8. Chapter 4 Planning the Autobahn before and after 1933
    (pp. 47-78)

    In the interwar period, lobby groups appeared in some European countries and pushed for the construction of traffic lanes for the exclusive use of the automobile. These intersection-free roadways were characterized by divided lanes, traveling and passing lanes, shoulders, and intersection-free on- and off-ramps, the goal being to create an unimpeded route solely for automobiles. While these efforts bore little fruit in Germany before 1933, they have been well studied. Scattered appeals for the construction of what were called “Nur-Autostraßen” (roadways for cars only) culminated in 1926 in the establishment of the Hafraba Association. Its name captured programmatically the desire...

  9. Chapter 5 Conflicts over the Harmonious Road
    (pp. 79-126)

    The Hitler regime’s road-building program was still known only in vague outline, and Fritz Todt had been in office as Inspector-General for only eight weeks, when the man with a fledgling agency received an invitation at the end of August 1933. Because of the importance of the autobahn project “to the reshaping of the appearance of theHeimat,” the organizing committee of a national Conference on Historic Monument Preservation andHeimatschutzin Kassel asked Todt to send a representative to the meeting. Todt replied promptly. Although he would very much like to speak “about the integration of the autobahnen into...

  10. Chapter 6 The Myth of the Green Autobahn
    (pp. 127-180)

    The grim humor of this awkward poem conveys an impression of how heated the controversies over the roads in Nazi Germany could be behind the scenes. This chapter will examine the role and extent of these controversies. The plotting of the roads in the landscape, referred to by civil engineers as alignment, had been a topic of publications on conservation and landscape issues long before the building of theReichsautobahnen. The sinuous line that, as we have seen, Schultze-Naumburg preferred for roads outside the flat countryside was more difficult for landscape architects to push through than the ideological intermingling of...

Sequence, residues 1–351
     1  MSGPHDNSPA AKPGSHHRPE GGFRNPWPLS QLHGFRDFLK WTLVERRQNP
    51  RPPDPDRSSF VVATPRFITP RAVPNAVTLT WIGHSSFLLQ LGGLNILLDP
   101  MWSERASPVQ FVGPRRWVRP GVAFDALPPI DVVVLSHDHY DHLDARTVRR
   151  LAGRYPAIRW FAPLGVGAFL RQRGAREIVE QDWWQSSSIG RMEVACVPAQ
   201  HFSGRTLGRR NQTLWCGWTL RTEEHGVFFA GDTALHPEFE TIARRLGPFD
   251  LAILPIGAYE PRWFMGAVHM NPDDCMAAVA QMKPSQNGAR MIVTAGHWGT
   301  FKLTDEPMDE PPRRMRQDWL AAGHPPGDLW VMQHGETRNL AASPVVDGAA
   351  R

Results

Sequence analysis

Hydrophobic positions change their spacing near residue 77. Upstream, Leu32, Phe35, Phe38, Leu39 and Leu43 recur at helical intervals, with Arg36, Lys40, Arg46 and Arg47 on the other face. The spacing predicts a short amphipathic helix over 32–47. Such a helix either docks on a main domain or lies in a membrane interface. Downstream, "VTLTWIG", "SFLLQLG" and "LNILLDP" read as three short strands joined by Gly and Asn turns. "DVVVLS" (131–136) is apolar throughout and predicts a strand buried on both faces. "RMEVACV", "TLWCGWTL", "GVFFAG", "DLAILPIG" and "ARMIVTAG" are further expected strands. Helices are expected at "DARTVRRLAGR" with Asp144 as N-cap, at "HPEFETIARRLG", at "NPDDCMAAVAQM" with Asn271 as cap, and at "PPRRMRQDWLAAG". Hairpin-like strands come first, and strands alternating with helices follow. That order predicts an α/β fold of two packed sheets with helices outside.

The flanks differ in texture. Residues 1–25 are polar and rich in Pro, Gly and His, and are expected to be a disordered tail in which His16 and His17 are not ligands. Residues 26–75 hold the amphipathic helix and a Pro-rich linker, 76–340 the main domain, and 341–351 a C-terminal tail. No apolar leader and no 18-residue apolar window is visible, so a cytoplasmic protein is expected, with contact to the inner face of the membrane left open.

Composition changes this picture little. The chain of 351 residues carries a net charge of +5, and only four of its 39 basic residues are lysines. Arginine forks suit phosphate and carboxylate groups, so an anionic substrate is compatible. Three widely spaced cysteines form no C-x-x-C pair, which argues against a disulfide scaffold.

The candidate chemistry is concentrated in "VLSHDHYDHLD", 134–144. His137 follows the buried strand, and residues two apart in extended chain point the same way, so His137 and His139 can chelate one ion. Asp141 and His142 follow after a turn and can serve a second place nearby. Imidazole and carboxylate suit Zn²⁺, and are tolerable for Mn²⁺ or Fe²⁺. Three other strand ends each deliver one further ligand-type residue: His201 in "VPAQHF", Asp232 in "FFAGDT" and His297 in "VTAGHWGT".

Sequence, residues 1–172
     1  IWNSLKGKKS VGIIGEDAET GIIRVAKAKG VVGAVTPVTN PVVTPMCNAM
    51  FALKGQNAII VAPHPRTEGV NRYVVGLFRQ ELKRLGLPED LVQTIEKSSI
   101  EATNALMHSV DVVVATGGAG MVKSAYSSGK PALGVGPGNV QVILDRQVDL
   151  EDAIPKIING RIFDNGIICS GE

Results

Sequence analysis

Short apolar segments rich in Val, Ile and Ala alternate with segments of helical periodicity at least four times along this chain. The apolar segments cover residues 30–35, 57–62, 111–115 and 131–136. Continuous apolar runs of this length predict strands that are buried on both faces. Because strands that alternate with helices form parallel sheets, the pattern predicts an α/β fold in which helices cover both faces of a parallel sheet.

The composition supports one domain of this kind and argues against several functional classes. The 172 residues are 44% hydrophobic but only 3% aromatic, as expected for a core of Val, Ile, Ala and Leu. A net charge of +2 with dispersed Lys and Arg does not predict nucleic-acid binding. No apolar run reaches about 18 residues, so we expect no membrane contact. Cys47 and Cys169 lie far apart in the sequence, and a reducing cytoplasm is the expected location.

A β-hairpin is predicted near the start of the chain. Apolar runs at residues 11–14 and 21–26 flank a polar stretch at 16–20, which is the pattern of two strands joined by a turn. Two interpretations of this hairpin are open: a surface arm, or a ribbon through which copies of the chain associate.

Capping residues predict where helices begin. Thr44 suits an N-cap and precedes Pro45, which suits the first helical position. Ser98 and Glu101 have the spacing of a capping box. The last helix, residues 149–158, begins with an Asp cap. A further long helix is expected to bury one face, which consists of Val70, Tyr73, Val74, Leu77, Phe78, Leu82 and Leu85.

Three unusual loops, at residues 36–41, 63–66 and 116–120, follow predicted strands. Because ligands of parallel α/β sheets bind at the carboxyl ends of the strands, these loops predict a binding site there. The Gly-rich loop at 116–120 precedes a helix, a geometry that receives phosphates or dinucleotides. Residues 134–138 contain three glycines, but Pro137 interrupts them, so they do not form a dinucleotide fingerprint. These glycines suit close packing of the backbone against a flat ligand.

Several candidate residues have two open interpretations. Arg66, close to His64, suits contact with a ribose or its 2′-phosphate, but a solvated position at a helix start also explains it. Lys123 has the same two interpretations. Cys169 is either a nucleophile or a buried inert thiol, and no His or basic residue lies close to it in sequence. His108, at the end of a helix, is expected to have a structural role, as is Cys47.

11. Chapter 7 Reinterpretations: the West German Autobahn, 1949 to 1970
    (pp. 181-234)

    The social and cultural meaning of the German autobahnen changed profoundly after 1945 in the Federal Republic of Germany. Within a few short years, they were reinterpreted from the emblem of a dictatorship into a transportation system that was classified in a functional and rational way. As was the case in the earlier attempts to define these roads, road-building engineers and landscape architects were involved in this process with different ideological and professional goals. The altered state of the general political framework of a parliamentary democracy shifted the parameters of this debate. Moreover, toward the end of the period under...

  12. Chapter 8 Conclusion
    (pp. 235-248)

    The history of the autobahn and its landscapes is far more than an account of the development of a large-scale technological network. It mirrors Germany’s changing political regimes and the varying ideological, professional, and cultural ideas driving them. Proposed unsuccessfully by a small pressure group under the Weimar Republic, autobahn ideas were embraced on a large scale by the National Socialist regime as the largest propaganda product of the Third Reich. While the civil engineers and landscape architects involved in the construction had enough in common ideologically to collaborate on the roads, they held different opinions on alignment and plantings....

  13. Bibliography and Sources
    (pp. 249-280)
  14. Index
    (pp. 281-289)